- Gustav Mahler, in the 2nd movement of his 4th Symphony, requires a scordatura violin soloist as well to give an unpolished sound.
- Igor Stravinsky’s The Firebird demands the whole first violin section to retune the E string, in order to play the introduction with a D major harmonic glissandi.
What Are the Advantages of Being Tuned in 5ths?
Aside from 5ths tuning being the standard for violin that stuck around as the instrument evolved, most violinists see that it’s the optimal tuning for a number of reasons.
It can provide speed while playing without having to move your hands around too much. Take the other examples of perfect intervals (perfect 4ths and octaves). Perfect 4ths only give you 3 note-per-string scales, which is fewer than the 4 notes provided by the 5ths. While octaves will have you moving your fingers very fast to accommodate the number of notes on the one string.
Another very good reason is the rich overtones 5ths tuning provides. Some violinists say that when you’ve successfully tuned a string and moved your bow across, it “opens up” a new level of resonance. And it’s palpable when you’re tuning your violin as we’ll discuss below.
Another, rather intuitive answer, is that we have four fingers available to play, which makes the 4-notes-per-string scales the most ergonomic, and so the tuning of the violin evolved to match.
Overall, the most practical and advantageous reason why violins are tuned in fifths was to create a universal way of tuning the instrument.
What Other Instruments Are Tuned in 5ths?
Tuning in 5ths seems to be reserved for smaller-sized string instruments like violas, mandolins, and tenor banjos. Cellos are also tuned in 5ths, probably to match the other instruments played with them in an orchestra.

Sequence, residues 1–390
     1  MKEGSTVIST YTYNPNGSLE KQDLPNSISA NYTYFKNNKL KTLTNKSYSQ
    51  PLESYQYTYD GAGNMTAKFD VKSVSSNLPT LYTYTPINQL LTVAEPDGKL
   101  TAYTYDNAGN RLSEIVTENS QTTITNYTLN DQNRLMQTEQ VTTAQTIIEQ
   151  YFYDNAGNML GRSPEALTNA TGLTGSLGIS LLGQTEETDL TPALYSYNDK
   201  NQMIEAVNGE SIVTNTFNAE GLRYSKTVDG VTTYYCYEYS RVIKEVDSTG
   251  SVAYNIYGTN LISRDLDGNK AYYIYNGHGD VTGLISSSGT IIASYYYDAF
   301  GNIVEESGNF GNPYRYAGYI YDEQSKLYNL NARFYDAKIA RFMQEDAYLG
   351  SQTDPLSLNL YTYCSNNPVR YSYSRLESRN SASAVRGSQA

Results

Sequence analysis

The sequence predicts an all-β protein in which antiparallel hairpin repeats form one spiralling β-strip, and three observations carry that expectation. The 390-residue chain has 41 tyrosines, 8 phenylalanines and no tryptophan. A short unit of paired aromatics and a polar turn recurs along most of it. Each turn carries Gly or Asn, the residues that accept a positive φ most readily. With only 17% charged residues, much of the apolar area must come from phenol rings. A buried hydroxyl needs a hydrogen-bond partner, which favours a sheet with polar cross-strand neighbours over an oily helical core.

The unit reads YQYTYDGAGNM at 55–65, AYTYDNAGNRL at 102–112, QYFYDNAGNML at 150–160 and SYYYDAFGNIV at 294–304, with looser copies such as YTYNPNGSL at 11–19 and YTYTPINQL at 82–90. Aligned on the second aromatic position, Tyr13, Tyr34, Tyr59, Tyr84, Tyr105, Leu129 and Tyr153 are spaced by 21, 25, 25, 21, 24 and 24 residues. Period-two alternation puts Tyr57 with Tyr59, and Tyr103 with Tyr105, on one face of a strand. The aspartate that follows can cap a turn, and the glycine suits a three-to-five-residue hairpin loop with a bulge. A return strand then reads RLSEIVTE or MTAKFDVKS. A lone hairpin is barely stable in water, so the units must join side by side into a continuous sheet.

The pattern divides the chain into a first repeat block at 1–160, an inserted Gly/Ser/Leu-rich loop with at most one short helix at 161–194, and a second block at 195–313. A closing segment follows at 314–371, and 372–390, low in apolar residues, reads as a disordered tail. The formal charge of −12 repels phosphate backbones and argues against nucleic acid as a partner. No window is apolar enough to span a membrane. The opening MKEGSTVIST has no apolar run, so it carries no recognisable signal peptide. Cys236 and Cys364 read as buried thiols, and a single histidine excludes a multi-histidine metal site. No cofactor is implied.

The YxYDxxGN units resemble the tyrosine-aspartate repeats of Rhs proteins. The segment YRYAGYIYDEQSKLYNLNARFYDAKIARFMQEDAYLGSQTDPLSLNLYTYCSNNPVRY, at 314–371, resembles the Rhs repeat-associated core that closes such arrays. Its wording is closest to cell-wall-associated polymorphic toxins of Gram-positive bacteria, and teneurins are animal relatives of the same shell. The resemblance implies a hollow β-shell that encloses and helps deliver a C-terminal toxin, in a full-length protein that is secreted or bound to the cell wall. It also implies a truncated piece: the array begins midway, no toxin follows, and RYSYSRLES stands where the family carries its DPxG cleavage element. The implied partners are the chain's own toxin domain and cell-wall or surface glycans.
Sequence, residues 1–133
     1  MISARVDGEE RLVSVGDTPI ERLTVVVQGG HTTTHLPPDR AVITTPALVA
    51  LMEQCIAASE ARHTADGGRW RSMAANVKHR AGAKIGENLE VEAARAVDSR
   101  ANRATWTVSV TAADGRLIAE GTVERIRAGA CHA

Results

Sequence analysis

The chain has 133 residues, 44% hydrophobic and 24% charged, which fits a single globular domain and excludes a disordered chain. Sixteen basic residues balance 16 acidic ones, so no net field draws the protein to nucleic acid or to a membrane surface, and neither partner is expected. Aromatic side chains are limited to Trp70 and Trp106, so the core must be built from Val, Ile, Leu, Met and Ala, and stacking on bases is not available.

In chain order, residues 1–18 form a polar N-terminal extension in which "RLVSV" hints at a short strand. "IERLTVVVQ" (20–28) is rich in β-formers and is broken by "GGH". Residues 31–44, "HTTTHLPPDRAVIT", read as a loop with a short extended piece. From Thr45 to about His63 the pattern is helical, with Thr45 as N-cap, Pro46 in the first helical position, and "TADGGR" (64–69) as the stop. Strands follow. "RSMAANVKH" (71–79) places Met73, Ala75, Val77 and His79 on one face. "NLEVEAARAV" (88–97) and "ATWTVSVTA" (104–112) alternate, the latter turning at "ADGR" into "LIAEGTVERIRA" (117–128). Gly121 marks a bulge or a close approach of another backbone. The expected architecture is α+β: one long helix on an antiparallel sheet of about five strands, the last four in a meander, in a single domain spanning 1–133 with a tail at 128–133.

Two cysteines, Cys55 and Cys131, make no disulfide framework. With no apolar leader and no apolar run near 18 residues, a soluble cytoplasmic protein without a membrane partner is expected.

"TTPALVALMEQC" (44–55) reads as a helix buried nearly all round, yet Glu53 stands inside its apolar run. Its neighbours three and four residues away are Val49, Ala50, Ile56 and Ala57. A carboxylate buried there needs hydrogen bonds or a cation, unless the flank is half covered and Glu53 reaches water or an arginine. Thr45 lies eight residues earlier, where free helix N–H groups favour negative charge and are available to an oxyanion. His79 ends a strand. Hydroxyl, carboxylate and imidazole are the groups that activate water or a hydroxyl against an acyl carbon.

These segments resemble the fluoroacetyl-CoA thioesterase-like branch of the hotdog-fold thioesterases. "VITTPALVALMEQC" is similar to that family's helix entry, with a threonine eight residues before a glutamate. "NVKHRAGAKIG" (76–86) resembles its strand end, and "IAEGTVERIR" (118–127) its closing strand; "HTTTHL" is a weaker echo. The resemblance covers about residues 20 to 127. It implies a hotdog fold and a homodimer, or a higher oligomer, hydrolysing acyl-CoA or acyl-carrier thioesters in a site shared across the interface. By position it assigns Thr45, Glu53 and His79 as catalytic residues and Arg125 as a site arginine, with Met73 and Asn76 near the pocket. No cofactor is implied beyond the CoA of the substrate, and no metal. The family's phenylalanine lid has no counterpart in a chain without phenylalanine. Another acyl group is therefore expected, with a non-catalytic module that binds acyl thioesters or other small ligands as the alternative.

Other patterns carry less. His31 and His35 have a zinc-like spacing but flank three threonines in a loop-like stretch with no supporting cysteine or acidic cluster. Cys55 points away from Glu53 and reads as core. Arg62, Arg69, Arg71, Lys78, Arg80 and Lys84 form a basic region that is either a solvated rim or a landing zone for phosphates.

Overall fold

Other strings like double bass, viola da gamba, and bass guitar are tuned in 4ths because of their different playing styles. However, a double bass can be tuned in 5ths as well to play some kinds of classical and jazz music.
How to Tune a Violin in 5ths?
There are two ways to tune a violin; just intonation and expressive intonation.
Just intonation minimizes the sharpness of the E string and the flatness of the G string, but it does compromise the resonance of the instrument.
Meanwhile, expressive intonation is used by concert violinists since it makes sharps higher and flats lower. This helps accentuate the sympathetic vibrations their instrument makes with the other strings.
If you’re a beginner and you want to tune your violin, first grab a digital tuner and set your C at 440 Hz. Adjust the pegs and/or fine tuners on your string and pluck it till the tuner indicates your A is in tune, then move to the D string and then the G and E.
More advanced players will advise you to “train your ear” to rely less on your digital tuner and listen for how the violin sounds when it’s in tune.
This can be quite challenging at first, but it’s ultimately doable since strings that aren’t in tune tend to warble. They have some sort of beat pattern that can be slower or faster depending on how close you are to being in tune.
As your strings are adjusted, when you bow any two strings together, like A and D for example, it should sound like you suddenly raised the volume on your violin as it “opens up.” This is a clear indication that you’ve done a good job.
However, make sure to check your strings every time before playing, since strings can go out of tune quite easily. There are some simple fixes to stop Violins from going out of tune, such as correct storage and slipping pegs.
The wooden pegs tend to turn on their own, which relaxes the strings and ruins your tuning. You can help them stay in place by using a peg compound that can help with the slipperiness.
“Why are violins tuned in 5ths?” Most players start to wonder why things are the way they are and what if they can be better.
Perfect intervals are wonderful phenomena that combine both physics and music together. And perfect fifths are considered the most consonant after octaves and unison, which tells you they’re something special.